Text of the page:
## The Pressure Drag of a Slender Body in Supersonic Flow

The pressure drag acting on a body in supersonic flow can be thought of as composed of two parts, the wave drag and the vortex drag (see further Chapter 9). If the body has a blunt base, there is, in addition, a base drag. The wave drag results from the momentum carried away by the pressure waves set up by the body as it travels at a speed greater than the speed of sound. In a subsonic flow there is, of course, no wave drag, since no standing pressure waves are possible. The vortex drag arises from the momentum carried away by the vortices trailing from a lifting body and is governed by the same relations in both supersonic and subsonic flow.

The pressure drag of a slender body in a supersonic flow is most easily calculated by considering the flow of momentum through a control surface surrounding the body. We shall here follow essentially the approach taken by Ward (1949), which gives the total pressure drag but does not specify how the drag is split up into wave drag and vortex drag.

In Section 1-6 it was shown that, by considering the flow of momentum through a control surface S surrounding the body, the force on the body is given by

(1-51)

where n is the outward unit normal to the surface S, and Q is the velocity vector. It is convenient to introduce into (1-51) the perturbation velocity U„q = Q — it/*,, which gives

s

This may be simplified somewhat by use of the equation of continuity (cf. 1-45)

<£j>p(q + i) • n dS = 0. (6-68)

s

Hence, since S is a closed surface,

Fbody = —<0>l(p — Poo)n + pUlq(q « n + і * n)] dS, (6-69) s

which is the form we are going to use.

z 4 x |

It is convenient in the present case to choose S in the manner shown in Fig. 6-6. Thus the surface S consists of three parts: Sx, S2, and S3, of which Si and S3 are circular disks and S2 a cylinder parallel to the main flow whose radius Rx will be chosen so that S2 is at the outer limit of the inner region. It is assumed that Sx lies ahead of the body so that the flow is undisturbed there, and S3 is located at the base section of the body. The body may have a blunt base, but the linearized theory is, of course, not valid for the calculation of the pressure on the base. We assume that the base pressure рв is known, so that the base drag contribution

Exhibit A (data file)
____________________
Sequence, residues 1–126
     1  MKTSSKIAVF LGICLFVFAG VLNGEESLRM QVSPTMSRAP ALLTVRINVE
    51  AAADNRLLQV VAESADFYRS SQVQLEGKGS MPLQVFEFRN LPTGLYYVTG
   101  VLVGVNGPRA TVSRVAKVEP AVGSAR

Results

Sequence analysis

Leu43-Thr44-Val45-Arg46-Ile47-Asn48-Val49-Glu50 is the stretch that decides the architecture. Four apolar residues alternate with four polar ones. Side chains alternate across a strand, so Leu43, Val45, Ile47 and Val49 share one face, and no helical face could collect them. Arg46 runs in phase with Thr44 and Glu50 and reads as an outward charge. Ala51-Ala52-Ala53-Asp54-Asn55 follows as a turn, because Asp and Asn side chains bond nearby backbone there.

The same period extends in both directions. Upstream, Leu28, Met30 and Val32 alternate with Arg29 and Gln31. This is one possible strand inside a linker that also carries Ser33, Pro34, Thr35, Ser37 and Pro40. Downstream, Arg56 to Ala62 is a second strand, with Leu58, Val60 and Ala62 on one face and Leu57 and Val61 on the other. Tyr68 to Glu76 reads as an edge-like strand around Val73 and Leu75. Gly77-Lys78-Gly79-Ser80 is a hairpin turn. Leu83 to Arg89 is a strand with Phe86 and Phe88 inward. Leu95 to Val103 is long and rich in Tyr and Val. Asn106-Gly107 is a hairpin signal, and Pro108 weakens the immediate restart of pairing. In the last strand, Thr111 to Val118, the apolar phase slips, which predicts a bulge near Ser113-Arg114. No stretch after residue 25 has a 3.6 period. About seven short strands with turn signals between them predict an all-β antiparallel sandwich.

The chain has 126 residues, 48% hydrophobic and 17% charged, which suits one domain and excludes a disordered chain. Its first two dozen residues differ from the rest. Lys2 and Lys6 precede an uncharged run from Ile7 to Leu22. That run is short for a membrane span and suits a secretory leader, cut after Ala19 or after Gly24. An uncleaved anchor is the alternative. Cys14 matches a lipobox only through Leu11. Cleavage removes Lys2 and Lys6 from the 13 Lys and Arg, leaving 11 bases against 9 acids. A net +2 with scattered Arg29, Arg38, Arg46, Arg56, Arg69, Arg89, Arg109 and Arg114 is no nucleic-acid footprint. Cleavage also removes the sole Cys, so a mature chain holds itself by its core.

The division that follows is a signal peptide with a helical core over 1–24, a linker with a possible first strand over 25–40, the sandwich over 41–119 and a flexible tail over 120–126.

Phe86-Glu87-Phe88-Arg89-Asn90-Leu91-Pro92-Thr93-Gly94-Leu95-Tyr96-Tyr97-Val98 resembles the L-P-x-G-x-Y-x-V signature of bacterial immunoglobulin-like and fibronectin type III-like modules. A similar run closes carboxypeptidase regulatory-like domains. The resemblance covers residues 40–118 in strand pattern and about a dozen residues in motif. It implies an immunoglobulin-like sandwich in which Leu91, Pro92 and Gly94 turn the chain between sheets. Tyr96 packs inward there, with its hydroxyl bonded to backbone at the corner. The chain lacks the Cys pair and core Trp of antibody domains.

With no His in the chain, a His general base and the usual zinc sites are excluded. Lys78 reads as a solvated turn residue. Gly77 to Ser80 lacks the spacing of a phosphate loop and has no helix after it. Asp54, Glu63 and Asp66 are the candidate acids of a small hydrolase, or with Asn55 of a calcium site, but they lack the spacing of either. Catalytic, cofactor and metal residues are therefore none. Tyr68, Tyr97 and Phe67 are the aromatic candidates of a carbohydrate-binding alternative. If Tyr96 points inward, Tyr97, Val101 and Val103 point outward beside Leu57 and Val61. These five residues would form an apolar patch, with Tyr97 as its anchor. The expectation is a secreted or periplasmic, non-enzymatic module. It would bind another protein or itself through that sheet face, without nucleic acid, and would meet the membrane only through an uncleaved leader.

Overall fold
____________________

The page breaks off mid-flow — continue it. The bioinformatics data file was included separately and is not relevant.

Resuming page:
Db = (p® — Pb)Sb (6-70)

to the total drag is given. In supersonic flow the effect of the blunt base will not be felt upstream of the base section. Hence the linearized theory may be used to calculate the flow ahead of the base section and thus the pressure drag on the remainder of the body.

Since S is located in the inner region, the flow is essentially incompressible so that, on S, p may be considered constant and equal to its free – stream value. The term q ■ n + і • n in (6-69) is simply the nondimensional velocity component normal to S. Thus, by taking the ж-component of (6-69) we obtain

Fig. 6-7. Drag rise at zero lift for a wing-body combination, for body alone, and for equivalent body. [Adapted from Whitcomb (1956). Courtesy of the National Aeronautics and Space Administration.] |

PRESSURE DRAG, SLENDER BODY IN SUPERSONIC FLOW |

This formula shows how the drag varies with Mach number. If S'(l) = 0, that is, if the body ends in a point or with a cylindrical portion, the drag becomes independent of the Mach number. Of particular interest is the drag of the equivalent body of revolution, for which

This is the equivalence rule for the pressure drag. It is a fairly easy matter to show that it must hold for all speed regimes whenever the equivalence rule for the flow is valid. Thus it will also hold for transonic speeds, and, as will be explained in Chapter 12, with less restrictions than for sub – or supersonic speeds.

In many cases the right-hand side of (6-87) is zero and hence the drag equal to that of the equivalent body of revolution. This occurs whenever: